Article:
Expedition A & B - Dialectic Stage Program
Cultivation of Logic, Collaboration, & Wisdom
Expedition I, II, III, IV - Rhetoric Stage Program
Cultivation of Rhetoric & Art (Making)
Monday & Tuesday—2020-2021
WHAT IS EXPEDITION A/B?
Expedition A/B is a Dialectic Stage Program (7th-8th Grade). During these years, students are ready to argue, debate, deliberate, and collaborate. We not only teach logic, but teach all subjects using logic as a central teaching tool—which is to say we teach dialectically. Expedition Guides employ the study of the informal fallacies in every subject, helping students analyze arguments for potential fallacies. Expedition Guides teach primarily by utilizing effective discussion and debate rather than by lecture. Students enjoy collaborating with their peers, discussing important issues, deliberating ideas, and working together on projects, presentations, and assignments. Students begin to study the traditional mathematical arts of algebra and geometry, mastering the functions, ideas, and language of these arts. Students begin the study of natural philosophy (natural sciences), including geology and botany. Additionally, students study history, literature, and theology for the ideas they contain and the wisdom they can impart. History becomes the study of the ongoing story of human acts and civilization, and the great deeds and virtues of the past—a source of wisdom. Literature is studied for truth, goodness, and beauty as students seek the best that has been thought and said. Theology provides the coherent framework as God’s revelation that brings unity to all knowledge and experience, and thus is the “queen” of the other arts and disciplines and a chief source of wisdom.
WHAT IS EXPEDITION I, II, III, IV?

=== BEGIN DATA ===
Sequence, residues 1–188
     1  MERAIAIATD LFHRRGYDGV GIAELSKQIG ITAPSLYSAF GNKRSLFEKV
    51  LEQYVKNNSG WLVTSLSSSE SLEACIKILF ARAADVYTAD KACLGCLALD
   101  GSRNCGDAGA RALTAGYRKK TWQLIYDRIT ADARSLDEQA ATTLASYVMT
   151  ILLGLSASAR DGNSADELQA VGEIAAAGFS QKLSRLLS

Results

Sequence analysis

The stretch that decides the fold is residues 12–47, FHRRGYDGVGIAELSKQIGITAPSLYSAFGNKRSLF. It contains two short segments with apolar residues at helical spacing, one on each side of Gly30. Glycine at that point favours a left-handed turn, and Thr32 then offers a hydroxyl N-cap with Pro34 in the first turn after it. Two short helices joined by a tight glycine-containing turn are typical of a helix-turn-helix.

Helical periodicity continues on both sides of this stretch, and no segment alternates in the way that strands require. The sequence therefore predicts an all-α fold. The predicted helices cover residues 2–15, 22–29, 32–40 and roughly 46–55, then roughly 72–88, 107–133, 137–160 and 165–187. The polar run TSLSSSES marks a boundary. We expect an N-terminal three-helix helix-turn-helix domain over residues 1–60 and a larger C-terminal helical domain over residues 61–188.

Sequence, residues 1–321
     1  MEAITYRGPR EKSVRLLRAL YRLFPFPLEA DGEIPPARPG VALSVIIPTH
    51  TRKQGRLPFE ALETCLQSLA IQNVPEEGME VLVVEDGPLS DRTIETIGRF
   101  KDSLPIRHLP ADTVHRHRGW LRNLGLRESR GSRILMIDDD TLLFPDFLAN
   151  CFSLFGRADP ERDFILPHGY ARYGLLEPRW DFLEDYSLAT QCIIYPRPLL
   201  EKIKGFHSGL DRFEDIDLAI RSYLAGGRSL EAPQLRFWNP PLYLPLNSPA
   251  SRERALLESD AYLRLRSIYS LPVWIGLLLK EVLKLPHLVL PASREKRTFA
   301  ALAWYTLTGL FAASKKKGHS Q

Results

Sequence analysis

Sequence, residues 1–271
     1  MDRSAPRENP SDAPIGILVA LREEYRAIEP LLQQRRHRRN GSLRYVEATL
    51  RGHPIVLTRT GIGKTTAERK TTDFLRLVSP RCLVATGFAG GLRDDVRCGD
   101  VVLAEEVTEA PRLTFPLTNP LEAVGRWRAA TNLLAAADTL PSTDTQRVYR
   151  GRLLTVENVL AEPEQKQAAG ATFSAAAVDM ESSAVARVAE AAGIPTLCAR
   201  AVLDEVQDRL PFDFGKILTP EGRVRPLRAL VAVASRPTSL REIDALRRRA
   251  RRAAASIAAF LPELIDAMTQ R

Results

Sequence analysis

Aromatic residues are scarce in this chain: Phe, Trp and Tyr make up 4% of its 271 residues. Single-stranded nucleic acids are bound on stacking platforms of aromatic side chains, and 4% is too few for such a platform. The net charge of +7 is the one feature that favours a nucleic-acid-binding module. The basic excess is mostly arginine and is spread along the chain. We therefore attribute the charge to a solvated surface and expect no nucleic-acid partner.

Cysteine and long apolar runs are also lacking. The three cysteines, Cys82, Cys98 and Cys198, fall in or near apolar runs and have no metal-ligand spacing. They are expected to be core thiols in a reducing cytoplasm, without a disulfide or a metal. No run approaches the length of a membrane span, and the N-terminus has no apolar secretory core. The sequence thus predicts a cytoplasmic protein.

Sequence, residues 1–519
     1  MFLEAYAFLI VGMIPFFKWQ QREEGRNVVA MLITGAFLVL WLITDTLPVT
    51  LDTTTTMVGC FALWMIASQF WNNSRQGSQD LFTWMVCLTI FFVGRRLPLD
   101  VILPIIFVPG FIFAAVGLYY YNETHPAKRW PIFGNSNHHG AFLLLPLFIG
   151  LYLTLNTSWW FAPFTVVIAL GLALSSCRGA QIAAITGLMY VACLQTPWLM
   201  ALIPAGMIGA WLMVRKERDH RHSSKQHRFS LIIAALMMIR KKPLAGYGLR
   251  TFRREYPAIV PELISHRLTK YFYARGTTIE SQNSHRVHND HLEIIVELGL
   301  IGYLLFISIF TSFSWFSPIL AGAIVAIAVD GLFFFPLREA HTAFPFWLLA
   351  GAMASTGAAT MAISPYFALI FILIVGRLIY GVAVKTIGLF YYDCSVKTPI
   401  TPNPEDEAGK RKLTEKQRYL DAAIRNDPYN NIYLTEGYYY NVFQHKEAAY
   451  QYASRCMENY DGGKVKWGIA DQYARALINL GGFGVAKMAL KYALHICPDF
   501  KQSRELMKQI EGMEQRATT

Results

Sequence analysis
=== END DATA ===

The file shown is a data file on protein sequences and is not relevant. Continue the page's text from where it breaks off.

Expedition I, II, III, and IV are Rhetoric Stage Programs (9th-12th Grade). During these years, students are ready to employ their past learning to meaningful work, art, music, writing, and speech—they want to begin making a contribution to their surrounding community and culture. The study of rhetoric formally enables this as students study what makes for effective, beautiful, and persuasive speech and writing. Rhetoric students, therefore, are frequently asked to speak, write, share, and create. As emerging adults, students take more responsibility for teaching younger students, and find that they master learning best by teaching others (docendo discimus, by teaching we learn). Students continue their study of the traditional mathematical and scientific arts and study geometry, trigonometry, calculus, chemistry, physics, and biology. Some students may wish or need to forgo the study of calculus or physics or delay their study until college. The study of the mathematical and scientific arts, far from being merely a study of truth, will also engage students in with imagination, beauty, and creativity. As more responsible, well-trained students, these students wisely engage in contemplation (scholé, contemplation and leisure) and discussion with fellow students and adult guides. Students read and discuss the Great Books and eagerly engage in conversation and written papers in response to these books. As students are growing in wisdom, the formal study of philosophy and theology engages them in great questions of human existence about living a “good life” characterized by wisdom, virtue, and eloquence. Rhetoric students conclude their studies by completing a “capstone” project or thesis that will display a synthesis of learning over the K-12 years, and represent a meaningful, creative contribution to their community. This project will be accompanied by a prepared paper and speech that will employ the rhetorical training of the graduating student.